JUSTIN Thomas can’t believe he’s won The Shuttle’s Sports Personality of the Year.
The Kidderminster-based fourth dan karate master topped the poll on our website with 66 per cent.
In the end it was a comfortable victory, but only after a late surge of votes saw off the challenge of Bewdley Olympic sailor Alison Young, who completed the competition in second place with 30 per cent.
Paralympic swimming star and World Championships gold medallist Claire Cashmore, triathlete Jacqui Phillips and Olympic archer Naomi Folkard all shared the rest of the votes.
Overall the search for our Sports Personality of the Year was a big success with more than 8,000 votes in a two-week period.
Thomas believes his success was down to the goodwill he has generated raising money for children’s charities.
Over the last ten years he and Young Glove Karate Club have made more than £33,000 for good causes.
He said: “I can’t believe I have won the competition, I did not realise I had been nominated but there were one or two members of the club who said they had tried.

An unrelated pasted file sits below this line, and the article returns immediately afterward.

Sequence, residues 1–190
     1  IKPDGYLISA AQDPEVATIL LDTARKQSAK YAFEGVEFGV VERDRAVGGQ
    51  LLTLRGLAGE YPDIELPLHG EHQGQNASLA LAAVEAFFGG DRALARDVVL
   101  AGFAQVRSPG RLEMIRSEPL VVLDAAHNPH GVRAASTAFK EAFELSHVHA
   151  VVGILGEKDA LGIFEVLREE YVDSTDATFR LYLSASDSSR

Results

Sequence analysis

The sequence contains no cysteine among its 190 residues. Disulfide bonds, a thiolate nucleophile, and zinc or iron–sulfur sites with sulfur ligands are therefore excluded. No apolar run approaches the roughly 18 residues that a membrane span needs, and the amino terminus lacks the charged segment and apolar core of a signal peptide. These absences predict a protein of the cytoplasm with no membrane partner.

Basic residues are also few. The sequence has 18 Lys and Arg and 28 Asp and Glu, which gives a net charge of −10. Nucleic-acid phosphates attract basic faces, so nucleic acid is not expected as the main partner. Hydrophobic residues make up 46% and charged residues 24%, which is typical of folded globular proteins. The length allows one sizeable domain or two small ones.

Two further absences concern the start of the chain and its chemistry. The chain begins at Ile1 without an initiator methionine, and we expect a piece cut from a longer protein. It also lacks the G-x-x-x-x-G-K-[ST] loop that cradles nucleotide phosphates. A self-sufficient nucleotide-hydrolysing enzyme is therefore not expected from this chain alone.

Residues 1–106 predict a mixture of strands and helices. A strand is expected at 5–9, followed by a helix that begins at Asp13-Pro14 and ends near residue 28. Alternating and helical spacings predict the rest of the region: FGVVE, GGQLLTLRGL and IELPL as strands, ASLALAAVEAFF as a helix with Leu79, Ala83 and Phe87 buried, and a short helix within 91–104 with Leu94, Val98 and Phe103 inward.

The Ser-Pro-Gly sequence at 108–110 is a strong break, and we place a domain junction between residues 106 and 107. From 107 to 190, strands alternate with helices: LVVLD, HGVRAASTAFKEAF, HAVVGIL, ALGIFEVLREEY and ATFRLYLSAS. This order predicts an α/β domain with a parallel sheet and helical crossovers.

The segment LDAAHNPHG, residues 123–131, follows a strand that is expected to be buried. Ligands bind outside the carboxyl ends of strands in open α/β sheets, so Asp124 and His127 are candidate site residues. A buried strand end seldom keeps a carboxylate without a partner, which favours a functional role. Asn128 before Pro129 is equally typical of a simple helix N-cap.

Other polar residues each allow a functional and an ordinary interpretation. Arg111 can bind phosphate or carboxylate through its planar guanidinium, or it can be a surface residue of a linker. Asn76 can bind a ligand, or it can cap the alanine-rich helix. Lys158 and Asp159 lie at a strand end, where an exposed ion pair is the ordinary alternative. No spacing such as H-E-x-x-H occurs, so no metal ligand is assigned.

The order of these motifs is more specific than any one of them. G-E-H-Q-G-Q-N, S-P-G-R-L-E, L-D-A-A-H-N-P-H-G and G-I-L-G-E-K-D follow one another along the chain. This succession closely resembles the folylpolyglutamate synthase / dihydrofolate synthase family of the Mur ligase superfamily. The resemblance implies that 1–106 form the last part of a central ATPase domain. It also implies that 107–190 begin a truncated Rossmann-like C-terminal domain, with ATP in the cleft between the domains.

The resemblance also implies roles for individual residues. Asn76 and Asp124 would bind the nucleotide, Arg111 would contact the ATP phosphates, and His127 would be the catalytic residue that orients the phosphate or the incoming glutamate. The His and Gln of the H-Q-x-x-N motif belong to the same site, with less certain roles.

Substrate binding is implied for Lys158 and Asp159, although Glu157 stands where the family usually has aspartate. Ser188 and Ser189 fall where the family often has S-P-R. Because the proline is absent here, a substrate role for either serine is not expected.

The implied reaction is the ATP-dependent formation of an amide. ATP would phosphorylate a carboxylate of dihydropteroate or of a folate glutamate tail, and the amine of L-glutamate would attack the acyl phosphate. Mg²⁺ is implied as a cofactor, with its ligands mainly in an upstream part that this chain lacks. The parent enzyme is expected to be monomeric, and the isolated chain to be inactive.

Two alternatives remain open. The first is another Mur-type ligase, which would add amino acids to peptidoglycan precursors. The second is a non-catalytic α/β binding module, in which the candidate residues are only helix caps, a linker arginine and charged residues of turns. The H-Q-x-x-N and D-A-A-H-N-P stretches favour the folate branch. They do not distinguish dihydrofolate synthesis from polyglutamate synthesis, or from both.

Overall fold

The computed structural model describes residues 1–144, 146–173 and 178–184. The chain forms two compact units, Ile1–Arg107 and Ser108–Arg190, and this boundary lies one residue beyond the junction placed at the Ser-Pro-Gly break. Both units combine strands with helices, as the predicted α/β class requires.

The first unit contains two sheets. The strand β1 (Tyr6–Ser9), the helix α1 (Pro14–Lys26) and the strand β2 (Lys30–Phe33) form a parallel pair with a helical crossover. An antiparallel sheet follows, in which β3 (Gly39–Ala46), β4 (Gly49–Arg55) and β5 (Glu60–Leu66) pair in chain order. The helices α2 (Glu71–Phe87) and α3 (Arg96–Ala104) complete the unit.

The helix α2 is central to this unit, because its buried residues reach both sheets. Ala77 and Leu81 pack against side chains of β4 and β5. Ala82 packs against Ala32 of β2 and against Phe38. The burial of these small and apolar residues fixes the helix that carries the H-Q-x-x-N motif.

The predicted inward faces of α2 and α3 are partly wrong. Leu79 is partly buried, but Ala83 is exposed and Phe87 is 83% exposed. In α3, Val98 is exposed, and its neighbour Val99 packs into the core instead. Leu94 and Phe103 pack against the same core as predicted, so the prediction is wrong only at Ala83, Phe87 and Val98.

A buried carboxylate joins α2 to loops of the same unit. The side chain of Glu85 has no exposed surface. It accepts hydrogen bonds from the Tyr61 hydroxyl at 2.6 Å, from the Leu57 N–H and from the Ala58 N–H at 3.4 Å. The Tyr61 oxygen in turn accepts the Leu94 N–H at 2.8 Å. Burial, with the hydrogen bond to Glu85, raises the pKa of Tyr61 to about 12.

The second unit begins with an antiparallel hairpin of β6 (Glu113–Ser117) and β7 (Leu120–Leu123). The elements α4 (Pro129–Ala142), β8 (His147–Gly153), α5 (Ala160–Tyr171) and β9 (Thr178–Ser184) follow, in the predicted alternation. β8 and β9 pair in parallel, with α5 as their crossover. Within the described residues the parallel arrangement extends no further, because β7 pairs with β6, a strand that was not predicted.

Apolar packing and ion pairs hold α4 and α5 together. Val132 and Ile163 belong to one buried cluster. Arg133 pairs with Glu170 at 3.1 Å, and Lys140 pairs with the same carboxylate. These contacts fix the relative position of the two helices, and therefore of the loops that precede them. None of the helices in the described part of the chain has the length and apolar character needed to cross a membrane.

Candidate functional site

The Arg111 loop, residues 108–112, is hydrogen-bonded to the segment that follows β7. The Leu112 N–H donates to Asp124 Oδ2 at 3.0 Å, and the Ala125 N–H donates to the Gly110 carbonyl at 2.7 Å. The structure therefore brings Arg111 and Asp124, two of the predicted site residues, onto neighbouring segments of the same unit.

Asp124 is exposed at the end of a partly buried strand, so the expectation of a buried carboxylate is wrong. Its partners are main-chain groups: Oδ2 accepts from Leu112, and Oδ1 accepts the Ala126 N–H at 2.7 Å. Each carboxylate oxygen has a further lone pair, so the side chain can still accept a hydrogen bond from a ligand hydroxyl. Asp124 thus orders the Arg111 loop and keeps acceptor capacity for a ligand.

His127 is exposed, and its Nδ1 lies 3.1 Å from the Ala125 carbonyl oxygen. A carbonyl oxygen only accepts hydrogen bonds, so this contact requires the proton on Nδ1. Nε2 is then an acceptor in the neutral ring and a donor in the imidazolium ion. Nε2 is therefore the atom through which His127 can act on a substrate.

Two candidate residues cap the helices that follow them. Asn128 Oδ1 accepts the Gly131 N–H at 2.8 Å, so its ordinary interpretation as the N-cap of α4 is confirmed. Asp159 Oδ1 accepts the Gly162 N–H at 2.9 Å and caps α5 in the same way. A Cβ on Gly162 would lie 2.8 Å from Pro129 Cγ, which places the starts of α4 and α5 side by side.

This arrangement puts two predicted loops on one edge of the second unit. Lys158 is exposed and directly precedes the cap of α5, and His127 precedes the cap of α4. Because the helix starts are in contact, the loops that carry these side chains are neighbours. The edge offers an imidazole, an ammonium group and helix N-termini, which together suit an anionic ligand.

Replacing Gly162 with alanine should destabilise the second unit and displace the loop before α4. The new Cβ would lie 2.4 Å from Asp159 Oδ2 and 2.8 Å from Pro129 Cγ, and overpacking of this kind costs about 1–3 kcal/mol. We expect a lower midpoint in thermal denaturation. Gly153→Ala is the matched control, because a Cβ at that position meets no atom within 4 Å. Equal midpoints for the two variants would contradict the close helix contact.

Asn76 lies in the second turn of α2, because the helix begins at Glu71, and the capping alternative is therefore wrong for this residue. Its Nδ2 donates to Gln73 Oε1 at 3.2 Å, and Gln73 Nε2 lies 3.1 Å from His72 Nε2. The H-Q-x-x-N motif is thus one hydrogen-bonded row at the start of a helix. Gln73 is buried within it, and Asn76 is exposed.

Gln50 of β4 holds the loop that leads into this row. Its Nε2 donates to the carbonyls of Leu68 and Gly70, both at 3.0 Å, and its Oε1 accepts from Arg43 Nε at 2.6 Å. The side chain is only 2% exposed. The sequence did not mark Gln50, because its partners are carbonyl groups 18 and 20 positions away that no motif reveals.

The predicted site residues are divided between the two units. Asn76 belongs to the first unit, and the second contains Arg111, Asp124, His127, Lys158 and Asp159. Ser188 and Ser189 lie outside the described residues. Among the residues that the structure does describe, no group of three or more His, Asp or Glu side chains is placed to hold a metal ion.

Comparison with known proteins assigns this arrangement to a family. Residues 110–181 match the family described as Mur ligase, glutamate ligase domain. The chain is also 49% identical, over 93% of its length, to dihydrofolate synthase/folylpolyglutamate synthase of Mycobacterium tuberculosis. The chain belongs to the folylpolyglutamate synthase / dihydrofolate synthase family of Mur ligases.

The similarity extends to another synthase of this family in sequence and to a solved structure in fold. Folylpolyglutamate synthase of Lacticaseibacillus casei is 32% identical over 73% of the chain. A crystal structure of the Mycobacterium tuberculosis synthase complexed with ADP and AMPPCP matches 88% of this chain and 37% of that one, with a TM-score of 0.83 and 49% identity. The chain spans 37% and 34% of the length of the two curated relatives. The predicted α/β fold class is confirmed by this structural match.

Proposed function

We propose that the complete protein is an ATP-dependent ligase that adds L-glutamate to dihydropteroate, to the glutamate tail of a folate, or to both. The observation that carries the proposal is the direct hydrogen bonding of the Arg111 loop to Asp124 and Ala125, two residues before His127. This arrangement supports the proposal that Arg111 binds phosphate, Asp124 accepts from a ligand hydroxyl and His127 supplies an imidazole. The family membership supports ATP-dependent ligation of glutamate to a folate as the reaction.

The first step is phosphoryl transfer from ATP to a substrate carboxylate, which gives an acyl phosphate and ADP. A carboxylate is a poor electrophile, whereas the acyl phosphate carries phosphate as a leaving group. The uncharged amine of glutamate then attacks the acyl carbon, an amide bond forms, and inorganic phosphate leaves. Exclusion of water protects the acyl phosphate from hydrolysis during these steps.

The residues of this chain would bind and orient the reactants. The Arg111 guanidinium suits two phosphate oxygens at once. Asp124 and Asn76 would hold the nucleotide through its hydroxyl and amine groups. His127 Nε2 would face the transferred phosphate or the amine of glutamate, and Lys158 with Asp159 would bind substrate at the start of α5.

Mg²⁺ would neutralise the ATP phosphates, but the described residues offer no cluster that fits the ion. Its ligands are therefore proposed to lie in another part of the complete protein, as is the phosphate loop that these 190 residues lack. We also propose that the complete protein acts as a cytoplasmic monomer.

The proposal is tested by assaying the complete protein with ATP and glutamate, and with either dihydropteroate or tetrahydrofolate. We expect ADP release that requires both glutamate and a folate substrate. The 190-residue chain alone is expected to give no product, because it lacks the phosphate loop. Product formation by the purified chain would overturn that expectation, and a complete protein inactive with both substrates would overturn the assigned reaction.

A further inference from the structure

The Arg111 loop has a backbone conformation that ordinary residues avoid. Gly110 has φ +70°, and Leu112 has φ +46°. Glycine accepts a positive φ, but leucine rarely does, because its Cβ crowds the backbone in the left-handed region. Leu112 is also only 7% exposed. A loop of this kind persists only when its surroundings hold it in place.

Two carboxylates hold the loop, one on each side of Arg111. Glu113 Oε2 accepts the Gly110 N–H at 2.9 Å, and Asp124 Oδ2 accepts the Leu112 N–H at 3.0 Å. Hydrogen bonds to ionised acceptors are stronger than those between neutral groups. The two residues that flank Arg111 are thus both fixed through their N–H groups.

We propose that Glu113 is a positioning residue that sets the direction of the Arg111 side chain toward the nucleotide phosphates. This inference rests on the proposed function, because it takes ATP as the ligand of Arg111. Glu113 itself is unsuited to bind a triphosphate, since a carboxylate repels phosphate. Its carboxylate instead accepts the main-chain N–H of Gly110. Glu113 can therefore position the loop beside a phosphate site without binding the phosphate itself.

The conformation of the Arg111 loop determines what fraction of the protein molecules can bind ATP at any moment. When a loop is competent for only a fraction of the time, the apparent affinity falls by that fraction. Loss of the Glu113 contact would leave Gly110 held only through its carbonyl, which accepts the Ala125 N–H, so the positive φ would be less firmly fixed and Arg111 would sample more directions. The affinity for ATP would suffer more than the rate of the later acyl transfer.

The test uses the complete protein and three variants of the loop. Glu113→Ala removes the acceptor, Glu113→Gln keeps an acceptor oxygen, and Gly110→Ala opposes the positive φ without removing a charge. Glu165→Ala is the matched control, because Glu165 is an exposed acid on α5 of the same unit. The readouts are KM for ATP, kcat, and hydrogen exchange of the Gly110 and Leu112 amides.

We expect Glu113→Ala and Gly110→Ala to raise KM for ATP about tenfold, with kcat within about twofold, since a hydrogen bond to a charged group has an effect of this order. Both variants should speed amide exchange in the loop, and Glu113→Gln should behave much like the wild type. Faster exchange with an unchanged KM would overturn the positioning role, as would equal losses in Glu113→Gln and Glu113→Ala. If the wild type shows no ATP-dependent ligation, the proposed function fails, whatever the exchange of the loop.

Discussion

“The charity fundraising makes a different and people remember you because of that.”
Young Gloves raised more than £5,000 last year when 300 students attempted the world’s biggest kata demonstration, but before their attempt could be ratified by The Guiness Book of Records they were pipped to it by a group in India.
Thomas added: “It was a great attempt by our members but unfortunately the attempt in India just beat us to it.
“If we had said the most juniors performing a kata we would have set a new world record.”
Thomas has trained himself for more than 30 years and helped countless students achieve black belt status.
At the end of last year, the Wyre Forest martial artist received his fourth black belt and a coaching award which means he can teach anywhere in the UK.
He founded Young Gloves a decade ago to teach traditional karate and has seen the club branch out to Kidderminster, Stourport, Cookley and Stourbridge, with 350 students.
He added: “Winning the vote was a boost to the ego but it was great to see everyone involved.”